• Four-sided isolation fencing around home pools could prevent 50 to 90 percent of childhood drownings and near-drownings. When used properly, door alarms, pool alarms and automatic pool covers add an extra layer of protection.
  • The use of specially-made drain covers, safety vacuum-release systems, multiple filter pumps and other pressure-venting pool filter mechanisms can reduce the risk of entrapment.
  • It is estimated that half of all drowning events among recreational boaters  could have been prevented if personal flotation devices were worn.  Most children ages 14 and under who drowned in reported recreational boating accidents were not wearing PFDs or life jackets.
  • Educational efforts focused on PFDs and safe boating practices are effective in increasing PFD usage.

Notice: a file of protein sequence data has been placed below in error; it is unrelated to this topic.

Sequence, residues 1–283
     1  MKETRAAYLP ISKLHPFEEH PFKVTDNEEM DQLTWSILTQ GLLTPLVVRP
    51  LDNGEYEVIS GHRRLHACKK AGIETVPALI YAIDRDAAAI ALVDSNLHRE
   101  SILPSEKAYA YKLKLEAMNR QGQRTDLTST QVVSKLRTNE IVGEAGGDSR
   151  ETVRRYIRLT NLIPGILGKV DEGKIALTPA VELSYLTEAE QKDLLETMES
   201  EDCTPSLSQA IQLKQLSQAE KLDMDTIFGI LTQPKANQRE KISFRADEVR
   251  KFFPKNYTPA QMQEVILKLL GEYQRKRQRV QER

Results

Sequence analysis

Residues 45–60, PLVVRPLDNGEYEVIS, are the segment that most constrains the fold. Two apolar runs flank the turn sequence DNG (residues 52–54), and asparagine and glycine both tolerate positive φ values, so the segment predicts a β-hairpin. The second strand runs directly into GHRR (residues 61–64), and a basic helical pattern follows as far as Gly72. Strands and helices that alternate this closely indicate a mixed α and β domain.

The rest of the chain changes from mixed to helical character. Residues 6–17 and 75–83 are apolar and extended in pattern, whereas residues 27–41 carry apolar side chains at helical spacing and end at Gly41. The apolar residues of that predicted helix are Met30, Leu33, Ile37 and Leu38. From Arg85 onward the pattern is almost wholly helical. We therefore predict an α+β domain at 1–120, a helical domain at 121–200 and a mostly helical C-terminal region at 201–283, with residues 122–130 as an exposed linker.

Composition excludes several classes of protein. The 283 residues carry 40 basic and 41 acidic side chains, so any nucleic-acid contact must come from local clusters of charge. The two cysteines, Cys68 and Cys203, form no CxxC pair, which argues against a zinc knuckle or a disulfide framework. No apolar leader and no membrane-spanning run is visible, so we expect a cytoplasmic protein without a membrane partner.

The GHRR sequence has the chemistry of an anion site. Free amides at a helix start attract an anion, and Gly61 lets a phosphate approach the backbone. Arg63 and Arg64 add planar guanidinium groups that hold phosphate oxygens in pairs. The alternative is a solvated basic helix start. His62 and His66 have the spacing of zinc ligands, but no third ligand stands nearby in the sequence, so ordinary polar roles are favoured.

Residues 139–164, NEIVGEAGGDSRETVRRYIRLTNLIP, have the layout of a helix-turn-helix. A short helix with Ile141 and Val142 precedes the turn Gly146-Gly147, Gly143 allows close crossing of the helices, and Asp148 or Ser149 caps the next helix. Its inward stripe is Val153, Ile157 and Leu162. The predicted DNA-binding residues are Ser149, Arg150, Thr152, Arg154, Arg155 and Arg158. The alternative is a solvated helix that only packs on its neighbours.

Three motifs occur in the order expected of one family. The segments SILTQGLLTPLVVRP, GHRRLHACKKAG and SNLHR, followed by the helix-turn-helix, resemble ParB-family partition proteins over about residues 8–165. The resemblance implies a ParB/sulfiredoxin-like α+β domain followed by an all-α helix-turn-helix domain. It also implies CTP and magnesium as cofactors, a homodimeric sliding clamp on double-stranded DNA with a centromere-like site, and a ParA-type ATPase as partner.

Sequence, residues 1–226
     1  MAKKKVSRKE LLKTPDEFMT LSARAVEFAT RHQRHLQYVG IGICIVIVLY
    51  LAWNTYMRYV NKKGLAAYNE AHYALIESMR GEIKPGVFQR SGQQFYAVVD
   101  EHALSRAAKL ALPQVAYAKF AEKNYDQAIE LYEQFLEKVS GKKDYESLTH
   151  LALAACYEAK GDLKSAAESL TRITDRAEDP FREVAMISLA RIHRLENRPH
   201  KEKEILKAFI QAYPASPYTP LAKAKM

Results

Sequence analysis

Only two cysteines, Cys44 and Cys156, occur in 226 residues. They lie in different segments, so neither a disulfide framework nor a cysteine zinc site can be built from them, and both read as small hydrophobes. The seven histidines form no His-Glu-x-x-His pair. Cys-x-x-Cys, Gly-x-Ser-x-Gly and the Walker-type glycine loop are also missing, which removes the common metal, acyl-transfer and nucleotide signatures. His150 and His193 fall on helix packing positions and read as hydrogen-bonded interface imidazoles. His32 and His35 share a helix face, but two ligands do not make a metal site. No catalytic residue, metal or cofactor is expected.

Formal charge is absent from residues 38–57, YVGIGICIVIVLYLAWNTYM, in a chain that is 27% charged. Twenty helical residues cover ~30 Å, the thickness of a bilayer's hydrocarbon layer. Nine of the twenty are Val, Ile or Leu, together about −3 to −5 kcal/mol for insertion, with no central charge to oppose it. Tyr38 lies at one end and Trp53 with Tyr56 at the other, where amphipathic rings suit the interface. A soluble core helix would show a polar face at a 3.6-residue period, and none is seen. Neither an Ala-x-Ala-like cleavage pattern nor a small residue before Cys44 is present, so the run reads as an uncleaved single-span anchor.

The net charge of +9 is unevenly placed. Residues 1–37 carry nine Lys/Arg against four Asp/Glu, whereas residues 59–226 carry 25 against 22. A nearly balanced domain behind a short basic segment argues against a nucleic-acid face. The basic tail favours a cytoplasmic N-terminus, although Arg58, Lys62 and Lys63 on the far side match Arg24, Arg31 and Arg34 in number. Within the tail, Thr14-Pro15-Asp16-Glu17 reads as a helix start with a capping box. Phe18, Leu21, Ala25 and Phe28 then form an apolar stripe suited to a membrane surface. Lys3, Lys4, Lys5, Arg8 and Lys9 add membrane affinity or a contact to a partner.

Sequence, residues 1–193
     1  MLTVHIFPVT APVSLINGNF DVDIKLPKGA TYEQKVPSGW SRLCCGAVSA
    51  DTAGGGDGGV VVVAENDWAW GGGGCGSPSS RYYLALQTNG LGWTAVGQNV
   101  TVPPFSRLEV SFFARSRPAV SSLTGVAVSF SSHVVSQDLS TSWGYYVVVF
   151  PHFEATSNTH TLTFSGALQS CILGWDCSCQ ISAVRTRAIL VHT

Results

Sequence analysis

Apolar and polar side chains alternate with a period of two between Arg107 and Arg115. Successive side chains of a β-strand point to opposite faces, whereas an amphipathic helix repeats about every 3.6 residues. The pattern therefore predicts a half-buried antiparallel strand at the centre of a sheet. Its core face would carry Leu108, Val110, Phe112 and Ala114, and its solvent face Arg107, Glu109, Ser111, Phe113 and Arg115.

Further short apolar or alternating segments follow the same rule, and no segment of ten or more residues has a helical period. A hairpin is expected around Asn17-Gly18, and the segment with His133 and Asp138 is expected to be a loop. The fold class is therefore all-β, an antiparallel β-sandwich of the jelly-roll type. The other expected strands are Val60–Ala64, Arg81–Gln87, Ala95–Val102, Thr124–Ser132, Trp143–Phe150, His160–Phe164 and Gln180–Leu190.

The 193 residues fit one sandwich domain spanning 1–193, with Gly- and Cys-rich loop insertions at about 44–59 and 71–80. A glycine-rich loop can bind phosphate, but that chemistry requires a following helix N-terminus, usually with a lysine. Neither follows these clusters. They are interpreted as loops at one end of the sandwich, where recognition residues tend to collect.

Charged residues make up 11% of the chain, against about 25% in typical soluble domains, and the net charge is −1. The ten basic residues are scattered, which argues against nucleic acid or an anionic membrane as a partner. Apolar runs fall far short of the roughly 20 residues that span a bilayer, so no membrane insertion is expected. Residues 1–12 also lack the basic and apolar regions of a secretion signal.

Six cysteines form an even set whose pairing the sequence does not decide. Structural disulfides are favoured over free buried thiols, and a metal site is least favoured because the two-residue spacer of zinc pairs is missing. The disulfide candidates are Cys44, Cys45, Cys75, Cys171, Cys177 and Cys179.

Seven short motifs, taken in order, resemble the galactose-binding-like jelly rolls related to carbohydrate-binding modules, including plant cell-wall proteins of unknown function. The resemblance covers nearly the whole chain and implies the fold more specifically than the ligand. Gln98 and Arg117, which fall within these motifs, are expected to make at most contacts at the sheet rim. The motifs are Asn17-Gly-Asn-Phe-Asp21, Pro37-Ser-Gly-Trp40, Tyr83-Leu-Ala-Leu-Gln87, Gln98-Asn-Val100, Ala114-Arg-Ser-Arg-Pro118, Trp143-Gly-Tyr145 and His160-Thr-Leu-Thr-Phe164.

• Warn children about the dangers of drain entanglement and entrapment and teach them to never play or swim near drains or suction outlets.
  • Actively supervise your children around water at all times, and have a phone nearby to call for help in an emergency.

Government’s Role in Preventing Drowning & Entrapments 

  • The U.S. Consumer Product Safety Commission has developed guidelines, including education and labeling, to address the hazard of infants drowning in five-gallon buckets.  Look for the labels on all 5-gallon buckets.
  • Ten states and many communities have safety laws requiring fencing around residential swimming pools.
  • Congress passed the Virginia Graeme Baker Pool and Spa Safety Act in 2007, which requires all public pools and spas use anti-entrapment devices, such as safety drain covers and, in some cases, safety vacuum release systems.